by Robin D Laws
As a game designer, I look forward to the realization of the still-incipient tablet revolution for several reasons. One of these addresses a constant bugaboo of the designer’s existence, rulebook organization.
Roleplaying game books are, and always have been, exercises in non-linear writing—and reading.
As a designer, I could start the manuscript at the beginning and systematically write my way to the end. But in reality I jump around from section to section. A piece of rules text might reveal a note I need to insert into the GMing chapter. A piece of high-tech equipment may require me to adjust the unconsciousness rules. It may prove more efficient to write the NPC stats for an alien race immediately after its profile as a PC character class.
Likewise, the order in which you read RPG material varies depending on use. Core rule books function as teaching tools, reference documents, and vicarious entertainment experiences.
You read a book in teaching tool mode when learning it for the first time.
You read a book in reference document mode when creating a character, statting up an opponent, designing an adventure, or using a sub-system during play.
A surprisingly large set of RPG book readers will never play the game, and are instead enjoying it as the roleplaying equivalent of closet drama. They don’t have a group, or time to play, or maybe just a group willing to try new games. But these folks read the book anyway, imagining the games they’d play if they had all of these things. We may have all been in those shoes at one point or another.
There may be other reading circumstances. Plundering a game for ideas to use elsewhere likely calls for a reading order all of its own. But I think these are the main three paths through a game book.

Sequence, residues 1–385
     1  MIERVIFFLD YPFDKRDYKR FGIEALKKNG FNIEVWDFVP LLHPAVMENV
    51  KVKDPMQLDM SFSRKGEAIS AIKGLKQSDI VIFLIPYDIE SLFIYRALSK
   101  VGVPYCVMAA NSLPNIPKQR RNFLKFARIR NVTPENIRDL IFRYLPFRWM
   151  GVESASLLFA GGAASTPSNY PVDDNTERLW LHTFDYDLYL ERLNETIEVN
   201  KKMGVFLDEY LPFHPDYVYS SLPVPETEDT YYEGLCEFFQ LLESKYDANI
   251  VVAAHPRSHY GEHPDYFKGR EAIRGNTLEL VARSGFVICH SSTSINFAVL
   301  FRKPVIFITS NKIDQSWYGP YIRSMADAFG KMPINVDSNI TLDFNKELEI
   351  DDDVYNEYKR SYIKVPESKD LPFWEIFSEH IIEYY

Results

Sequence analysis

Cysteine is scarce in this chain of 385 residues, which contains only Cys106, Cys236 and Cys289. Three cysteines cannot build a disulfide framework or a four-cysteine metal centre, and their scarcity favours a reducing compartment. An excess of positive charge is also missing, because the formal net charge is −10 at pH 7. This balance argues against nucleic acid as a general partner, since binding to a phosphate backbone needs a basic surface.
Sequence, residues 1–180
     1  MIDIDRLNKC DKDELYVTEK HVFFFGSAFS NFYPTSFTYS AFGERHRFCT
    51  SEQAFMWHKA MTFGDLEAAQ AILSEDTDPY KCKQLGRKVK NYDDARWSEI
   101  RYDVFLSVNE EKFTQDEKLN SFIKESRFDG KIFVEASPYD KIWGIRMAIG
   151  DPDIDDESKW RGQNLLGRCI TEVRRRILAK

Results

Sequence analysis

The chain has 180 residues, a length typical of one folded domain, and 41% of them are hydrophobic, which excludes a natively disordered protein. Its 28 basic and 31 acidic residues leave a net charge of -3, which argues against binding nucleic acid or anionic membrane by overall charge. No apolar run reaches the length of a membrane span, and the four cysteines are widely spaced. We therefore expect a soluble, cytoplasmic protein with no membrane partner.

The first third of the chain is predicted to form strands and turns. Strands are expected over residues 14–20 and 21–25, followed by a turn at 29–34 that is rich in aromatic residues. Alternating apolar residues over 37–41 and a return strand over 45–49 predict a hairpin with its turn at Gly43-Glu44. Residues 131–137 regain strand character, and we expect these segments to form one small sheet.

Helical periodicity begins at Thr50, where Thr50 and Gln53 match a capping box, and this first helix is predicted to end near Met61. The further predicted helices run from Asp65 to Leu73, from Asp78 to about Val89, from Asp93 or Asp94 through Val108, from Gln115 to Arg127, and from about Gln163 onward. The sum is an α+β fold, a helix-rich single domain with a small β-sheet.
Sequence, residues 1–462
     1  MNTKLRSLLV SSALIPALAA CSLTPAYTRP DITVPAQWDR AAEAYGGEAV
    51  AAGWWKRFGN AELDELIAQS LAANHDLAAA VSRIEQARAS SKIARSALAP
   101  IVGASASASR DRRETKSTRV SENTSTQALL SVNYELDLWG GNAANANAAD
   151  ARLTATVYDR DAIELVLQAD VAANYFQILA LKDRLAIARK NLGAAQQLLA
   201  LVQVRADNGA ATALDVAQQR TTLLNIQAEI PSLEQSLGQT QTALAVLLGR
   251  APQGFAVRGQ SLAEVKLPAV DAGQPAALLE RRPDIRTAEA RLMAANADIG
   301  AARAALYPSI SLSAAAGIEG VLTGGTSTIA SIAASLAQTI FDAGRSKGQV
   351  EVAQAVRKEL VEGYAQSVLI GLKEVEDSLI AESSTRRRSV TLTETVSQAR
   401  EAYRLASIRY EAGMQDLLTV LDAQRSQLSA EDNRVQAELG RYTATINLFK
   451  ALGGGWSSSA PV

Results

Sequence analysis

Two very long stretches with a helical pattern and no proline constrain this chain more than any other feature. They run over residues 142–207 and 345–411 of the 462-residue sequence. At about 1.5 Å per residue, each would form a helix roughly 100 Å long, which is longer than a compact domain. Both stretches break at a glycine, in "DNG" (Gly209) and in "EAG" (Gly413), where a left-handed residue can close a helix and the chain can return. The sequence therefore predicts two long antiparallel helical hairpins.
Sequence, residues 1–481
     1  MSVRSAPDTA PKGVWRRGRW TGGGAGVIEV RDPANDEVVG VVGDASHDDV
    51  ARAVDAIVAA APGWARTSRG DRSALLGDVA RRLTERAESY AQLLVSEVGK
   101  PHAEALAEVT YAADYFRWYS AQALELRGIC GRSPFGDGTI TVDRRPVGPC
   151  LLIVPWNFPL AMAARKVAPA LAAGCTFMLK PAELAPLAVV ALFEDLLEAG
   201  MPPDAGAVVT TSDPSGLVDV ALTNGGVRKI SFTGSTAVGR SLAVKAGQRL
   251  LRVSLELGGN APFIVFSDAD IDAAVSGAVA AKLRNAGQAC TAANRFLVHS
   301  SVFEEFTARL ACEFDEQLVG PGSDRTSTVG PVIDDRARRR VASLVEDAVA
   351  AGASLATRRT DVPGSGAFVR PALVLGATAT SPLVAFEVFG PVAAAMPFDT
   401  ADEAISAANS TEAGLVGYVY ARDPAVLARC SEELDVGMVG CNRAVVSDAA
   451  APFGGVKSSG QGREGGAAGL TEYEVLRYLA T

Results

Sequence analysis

The challenge when assembling a rule book is that these three modes make competing demands.
To teach you the game, I want to arrange the book so you learn it quickly and without undue head-scratching. I want you to come away thinking that it’s a simple game—and saying that when you’re assessing it with your friends or on the message boards. I hope that you’ll find it easy to pick up, and come away thinking that it will be easy to teach to others.
(In most cases only the GM reads the rule book before the first session of the game. Many players never read the rules, and know them only as a verbal reconstruction by their GMs. To create a great impression, I want the GMs to be able to smoothly reassemble the game’s key points in their own words.)
To be useful as a reference document, I want to arrange the book so that all the rules you’ll need for a given task appear in the same place, and in an intuitive order.
When considering the book as a fun read, I want to interweave the instruction manual parts with jokes, setting flavor, interstitial fiction, and other elements that leaven what necessarily must be dry explanatory text. If clarity is my main aim, I’ll reuse the same words and phrases more often than would be considered good style for a piece of creative writing. That’s an opposite demand than that met by a writer working to engage the reader’s imagination.